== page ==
The two-ligand ectodomain dimer remaining symmetric in the simulations.(A) The two subunits of the ectodomain dimer, as observed at the end of one of the simulations without glycosylation (left) and at the end of the simulation with full glycosylation (right), superimposed using the Cα atoms of domains I–III for reference. The EGFR ectodomains I–III are shown in blue and red, and the EGF molecules bound to them are shown in yellow and orange, respectively. (B) Domain II maintaining the same conformation in both subunits of the two-ligand EGFR dimer. Angle Φ (the angle formed by Cα atoms of residues 194, 239, and 296 in EGFR, or 189, 235, and 289 in dEGFR) characterizes the bending of domain II. This angle is different in each of the two subunits of the asymmetric two-ligand dEGFR dimer (the solid and dashed black lines; PDB entry 3LTF). The average angles in the simulations of two- and one-ligand EGFR dimers (Figs. 2, 3, and 5; labels refer to nonglycosylated EGFR simulations 1, 2, and 3, and glycosylated EGFR simulation G) are shown for each of the two subunits in blue and red (error bars correspond to the standard deviation). The angle Φ is illustrated in the schematic of domains I, II, and III of EGFR on the right.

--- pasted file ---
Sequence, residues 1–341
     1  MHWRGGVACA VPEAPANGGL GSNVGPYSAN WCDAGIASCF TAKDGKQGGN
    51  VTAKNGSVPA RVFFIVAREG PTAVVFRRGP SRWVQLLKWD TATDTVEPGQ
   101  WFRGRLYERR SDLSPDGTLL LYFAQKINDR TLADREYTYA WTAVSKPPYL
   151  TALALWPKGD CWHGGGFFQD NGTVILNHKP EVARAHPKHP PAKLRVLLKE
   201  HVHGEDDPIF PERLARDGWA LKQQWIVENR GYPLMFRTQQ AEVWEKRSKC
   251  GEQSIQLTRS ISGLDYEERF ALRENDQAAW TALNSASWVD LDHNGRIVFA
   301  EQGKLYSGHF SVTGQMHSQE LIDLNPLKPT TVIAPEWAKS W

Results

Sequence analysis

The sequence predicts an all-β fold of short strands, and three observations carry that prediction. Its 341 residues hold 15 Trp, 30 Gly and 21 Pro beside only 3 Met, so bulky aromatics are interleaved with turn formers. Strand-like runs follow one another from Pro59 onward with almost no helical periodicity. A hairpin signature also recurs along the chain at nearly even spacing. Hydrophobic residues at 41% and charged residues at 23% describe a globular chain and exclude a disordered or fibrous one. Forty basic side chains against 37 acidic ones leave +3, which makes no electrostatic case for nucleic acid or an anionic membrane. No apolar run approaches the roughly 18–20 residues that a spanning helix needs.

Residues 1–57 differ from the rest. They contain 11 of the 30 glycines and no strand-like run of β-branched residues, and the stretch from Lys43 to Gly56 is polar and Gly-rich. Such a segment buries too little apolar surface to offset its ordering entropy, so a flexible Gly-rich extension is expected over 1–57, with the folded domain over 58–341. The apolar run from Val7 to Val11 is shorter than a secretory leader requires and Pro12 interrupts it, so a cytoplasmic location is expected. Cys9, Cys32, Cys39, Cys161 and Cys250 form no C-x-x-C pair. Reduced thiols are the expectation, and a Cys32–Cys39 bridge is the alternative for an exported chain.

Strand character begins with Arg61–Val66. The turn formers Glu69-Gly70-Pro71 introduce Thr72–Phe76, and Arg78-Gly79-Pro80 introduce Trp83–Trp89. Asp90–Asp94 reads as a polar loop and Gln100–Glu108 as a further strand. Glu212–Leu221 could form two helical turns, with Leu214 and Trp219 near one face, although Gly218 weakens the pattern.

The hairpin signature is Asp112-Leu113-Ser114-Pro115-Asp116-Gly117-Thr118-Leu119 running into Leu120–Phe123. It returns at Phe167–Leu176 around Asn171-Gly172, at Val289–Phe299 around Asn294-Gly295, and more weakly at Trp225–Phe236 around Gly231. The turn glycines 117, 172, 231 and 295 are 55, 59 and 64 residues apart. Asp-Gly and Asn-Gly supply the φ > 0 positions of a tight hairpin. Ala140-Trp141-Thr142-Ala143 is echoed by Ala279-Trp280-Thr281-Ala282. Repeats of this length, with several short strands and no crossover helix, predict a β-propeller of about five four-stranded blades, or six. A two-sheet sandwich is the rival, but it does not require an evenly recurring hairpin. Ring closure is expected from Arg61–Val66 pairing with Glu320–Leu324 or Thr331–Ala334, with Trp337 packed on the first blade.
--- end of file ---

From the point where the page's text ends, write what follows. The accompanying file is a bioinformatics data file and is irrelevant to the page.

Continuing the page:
© Copyright Policy
Related In: Results  -  Collection

License
Show All Figures
getmorefigures.php?uid=PMC4109842&req=5

pcbi-1003742-g004: The two-ligand ectodomain dimer remaining symmetric in the simulations.(A) The two subunits of the ectodomain dimer, as observed at the end of one of the simulations without glycosylation (left) and at the end of the simulation with full glycosylation (right), superimposed using the Cα atoms of domains I–III for reference. The EGFR ectodomains I–III are shown in blue and red, and the EGF molecules bound to them are shown in yellow and orange, respectively. (B) Domain II maintaining the same conformation in both subunits of the two-ligand EGFR dimer. Angle Φ (the angle formed by Cα atoms of residues 194, 239, and 296 in EGFR, or 189, 235, and 289 in dEGFR) characterizes the bending of domain II. This angle is different in each of the two subunits of the asymmetric two-ligand dEGFR dimer (the solid and dashed black lines; PDB entry 3LTF). The average angles in the simulations of two- and one-ligand EGFR dimers (Figs. 2, 3, and 5; labels refer to nonglycosylated EGFR simulations 1, 2, and 3, and glycosylated EGFR simulation G) are shown for each of the two subunits in blue and red (error bars correspond to the standard deviation). The angle Φ is illustrated in the schematic of domains I, II, and III of EGFR on the right.